A systematic review of the global implementation and impact of non-invasive prenatal testing (NIPT) during prenatal screening for Down’s syndrome
More details
Hide details
University of Aberdeen, United Kingdom
Public Health Scotland, United Kingdom
Publication date: 2023-04-26
Popul. Med. 2023;5(Supplement):A1111
Background and Objective:
Non-invasive prenatal testing (NIPT) is an accurate and non-invasive screening test for Down’s syndrome (DS) that has been recently implemented into antenatal screening programmes worldwide. This review provides a current understanding of the extent of NIPT use in national antenatal screening pathways and its impact on the reproductive choices made during pregnancy, invasive prenatal diagnosis (IPD) and terminations, and on live births of babies with DS.

A systematic review of studies and guidelines describing the implementation of NIPT and its impact on reproductive choices and pregnancy outcomes. Screening and data extraction was completed independently by two researchers, along with hand-searching to identify national guidelines. Narrative synthesis, descriptive analysis and meta-analysis (where possible) were used to evaluate the implementation of NIPT, its uptake, and impact on pregnancy outcomes. Quality was assessed using the Down’s and Black quality assessment tool.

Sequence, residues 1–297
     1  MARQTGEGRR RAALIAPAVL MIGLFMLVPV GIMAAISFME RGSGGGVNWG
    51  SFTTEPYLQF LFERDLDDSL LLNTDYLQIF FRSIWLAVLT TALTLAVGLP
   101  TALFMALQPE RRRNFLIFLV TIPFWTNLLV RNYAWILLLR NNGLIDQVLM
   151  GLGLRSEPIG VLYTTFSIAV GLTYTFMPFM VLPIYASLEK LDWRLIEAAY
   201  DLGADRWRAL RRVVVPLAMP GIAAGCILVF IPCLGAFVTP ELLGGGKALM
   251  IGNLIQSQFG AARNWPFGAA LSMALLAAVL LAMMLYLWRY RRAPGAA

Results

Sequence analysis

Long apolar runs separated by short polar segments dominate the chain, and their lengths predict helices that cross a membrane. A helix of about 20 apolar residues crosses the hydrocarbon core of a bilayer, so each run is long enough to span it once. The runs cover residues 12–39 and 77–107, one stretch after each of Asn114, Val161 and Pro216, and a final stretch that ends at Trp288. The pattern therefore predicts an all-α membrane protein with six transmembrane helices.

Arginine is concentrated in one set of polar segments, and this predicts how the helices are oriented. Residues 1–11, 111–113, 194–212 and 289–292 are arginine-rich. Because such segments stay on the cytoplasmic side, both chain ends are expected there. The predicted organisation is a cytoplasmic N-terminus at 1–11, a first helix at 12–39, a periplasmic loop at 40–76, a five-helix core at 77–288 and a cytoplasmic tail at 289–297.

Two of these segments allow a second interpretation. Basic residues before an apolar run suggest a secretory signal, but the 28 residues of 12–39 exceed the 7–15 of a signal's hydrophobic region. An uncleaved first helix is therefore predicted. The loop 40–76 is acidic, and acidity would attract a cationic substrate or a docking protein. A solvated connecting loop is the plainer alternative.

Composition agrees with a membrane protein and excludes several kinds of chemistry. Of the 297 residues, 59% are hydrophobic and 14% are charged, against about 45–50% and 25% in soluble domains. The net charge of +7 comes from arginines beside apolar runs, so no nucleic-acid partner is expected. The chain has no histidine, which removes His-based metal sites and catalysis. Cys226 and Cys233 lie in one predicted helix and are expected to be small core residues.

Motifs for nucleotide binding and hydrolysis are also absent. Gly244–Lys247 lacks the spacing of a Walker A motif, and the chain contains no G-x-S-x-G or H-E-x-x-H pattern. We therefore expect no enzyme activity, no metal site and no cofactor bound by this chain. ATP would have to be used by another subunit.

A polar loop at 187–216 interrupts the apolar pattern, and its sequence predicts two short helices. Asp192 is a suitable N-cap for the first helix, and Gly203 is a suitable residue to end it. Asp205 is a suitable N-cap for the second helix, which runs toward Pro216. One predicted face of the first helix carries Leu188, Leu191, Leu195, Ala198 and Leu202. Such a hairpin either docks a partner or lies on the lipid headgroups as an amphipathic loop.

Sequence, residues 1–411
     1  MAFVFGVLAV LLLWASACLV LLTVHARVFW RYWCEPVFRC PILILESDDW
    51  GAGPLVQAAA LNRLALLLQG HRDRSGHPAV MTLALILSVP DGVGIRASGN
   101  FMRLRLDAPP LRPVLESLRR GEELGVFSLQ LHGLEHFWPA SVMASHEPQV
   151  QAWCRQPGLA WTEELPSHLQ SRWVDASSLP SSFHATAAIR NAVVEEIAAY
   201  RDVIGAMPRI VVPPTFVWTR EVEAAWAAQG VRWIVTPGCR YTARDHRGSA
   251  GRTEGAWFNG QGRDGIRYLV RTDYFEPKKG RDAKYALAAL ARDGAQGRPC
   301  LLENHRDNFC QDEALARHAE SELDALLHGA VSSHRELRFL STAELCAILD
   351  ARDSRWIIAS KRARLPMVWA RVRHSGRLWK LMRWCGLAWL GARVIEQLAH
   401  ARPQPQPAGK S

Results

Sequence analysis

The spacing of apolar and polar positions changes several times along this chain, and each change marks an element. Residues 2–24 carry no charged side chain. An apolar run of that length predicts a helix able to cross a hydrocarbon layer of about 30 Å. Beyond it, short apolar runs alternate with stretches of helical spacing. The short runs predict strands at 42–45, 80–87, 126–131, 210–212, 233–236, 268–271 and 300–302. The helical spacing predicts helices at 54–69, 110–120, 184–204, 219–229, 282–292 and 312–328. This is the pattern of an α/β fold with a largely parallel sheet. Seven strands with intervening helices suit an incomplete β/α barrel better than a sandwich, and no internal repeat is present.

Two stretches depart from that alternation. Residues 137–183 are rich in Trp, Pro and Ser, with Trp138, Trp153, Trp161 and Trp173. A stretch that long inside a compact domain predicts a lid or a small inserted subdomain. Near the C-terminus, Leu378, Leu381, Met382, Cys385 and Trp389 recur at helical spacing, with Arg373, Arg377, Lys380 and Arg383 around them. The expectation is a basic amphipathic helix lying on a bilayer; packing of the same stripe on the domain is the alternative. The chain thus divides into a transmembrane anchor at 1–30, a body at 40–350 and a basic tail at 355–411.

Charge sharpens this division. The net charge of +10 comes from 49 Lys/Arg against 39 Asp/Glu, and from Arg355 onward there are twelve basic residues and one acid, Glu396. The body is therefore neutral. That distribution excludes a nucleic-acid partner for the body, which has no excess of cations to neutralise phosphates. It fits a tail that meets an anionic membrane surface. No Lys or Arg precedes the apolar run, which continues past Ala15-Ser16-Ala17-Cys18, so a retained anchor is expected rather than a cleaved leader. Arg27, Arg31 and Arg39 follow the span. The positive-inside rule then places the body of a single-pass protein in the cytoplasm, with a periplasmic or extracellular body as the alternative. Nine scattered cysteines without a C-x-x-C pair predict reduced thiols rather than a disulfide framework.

In total, 27 countries or states were identified offering NIPT as part of a national screening programme (n=23 studies or national guidelines). NIPT was implemented as either a first- or second-line screening test, and was patient-funded, covered by insurance or healthcare system. Most often, NIPT was a contingent test (n=16) for higher chance of DS pregnancies. In some countries, NIPT implementation resulted in a reduction of IPD procedures. Cultural and societal attitudes to prenatal testing are often cited as an influence on the uptake of NIPT. Preliminary meta-analysis results find no significant difference in the reported terminations or live births of babies with DS following NIPT implementation.

Implementation of NIPT into antenatal screening programmes is highly vairiable between countries, dependent on pre-existing prenatal testing and healthcare provisions. Further monitoring of the impact of NIPT and studies exploring the reasons behind differential uptake of screening and reduction in IPD are important to inform future public health initiatives.

Journals System - logo
Scroll to top